Jeff Rothwell's picture

Found in Peanut Bird Feeder with earwigs

Observed: 22nd June 2011 By: Jeff RothwellJeff Rothwell’s reputation in InvertebratesJeff Rothwell’s reputation in InvertebratesJeff Rothwell’s reputation in Invertebrates

No obvious distinction between head thorax and abdomen. I wonder if this is an immature specimen

Species interactions

No interactions present.

Species with which Harlequin Ladybird (Harmonia axyridis) interacts


DavidHowdon's picture


Little point squashing them, individual manual efforts will not make any real difference to the population of this species in the UK.

David Howdon

rimo's picture

As David says, utterly no

As David says, utterly no point squashing it - not only is there the possibility of killing a native species (although this is definitely a Harlequin), but it would make no difference to the British population.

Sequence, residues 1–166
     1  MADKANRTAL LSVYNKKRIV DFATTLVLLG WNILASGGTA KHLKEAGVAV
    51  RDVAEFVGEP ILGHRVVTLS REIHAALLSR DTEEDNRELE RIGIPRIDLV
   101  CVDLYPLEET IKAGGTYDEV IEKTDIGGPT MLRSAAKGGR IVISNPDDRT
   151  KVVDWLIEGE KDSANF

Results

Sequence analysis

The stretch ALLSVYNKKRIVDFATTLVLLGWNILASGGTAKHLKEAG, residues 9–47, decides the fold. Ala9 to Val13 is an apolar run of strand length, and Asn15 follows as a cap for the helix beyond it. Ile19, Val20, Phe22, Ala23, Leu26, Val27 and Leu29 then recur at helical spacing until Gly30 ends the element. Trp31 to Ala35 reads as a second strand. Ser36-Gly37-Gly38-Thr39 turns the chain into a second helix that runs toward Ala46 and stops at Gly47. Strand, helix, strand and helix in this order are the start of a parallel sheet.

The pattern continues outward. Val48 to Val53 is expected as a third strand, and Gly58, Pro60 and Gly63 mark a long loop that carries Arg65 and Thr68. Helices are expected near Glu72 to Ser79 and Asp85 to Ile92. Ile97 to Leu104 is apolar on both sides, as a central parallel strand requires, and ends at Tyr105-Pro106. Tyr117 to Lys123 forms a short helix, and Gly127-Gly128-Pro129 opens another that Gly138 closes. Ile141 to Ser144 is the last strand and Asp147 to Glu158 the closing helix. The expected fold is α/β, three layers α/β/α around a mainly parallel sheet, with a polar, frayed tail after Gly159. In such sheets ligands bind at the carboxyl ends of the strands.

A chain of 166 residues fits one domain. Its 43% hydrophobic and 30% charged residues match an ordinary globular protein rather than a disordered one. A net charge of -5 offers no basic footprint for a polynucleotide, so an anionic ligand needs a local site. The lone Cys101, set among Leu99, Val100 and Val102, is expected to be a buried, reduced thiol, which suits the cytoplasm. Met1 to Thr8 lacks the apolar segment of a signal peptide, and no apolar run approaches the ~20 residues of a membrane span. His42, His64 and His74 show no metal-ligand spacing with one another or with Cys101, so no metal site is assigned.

A recent count of Harlequins in a small patch of nettles in Bedfordshire estimated 390,000 larvae, and each adult female can lay 2200 eggs, with two generations per year. Furthermore, even if every Harlequin in the UK were to keel over tomorrow, the populations in France & Belgium, along with accidental imports on produce, etc, would ensure that the south coast would be repopulated within the week.

Record your ladybird sightings!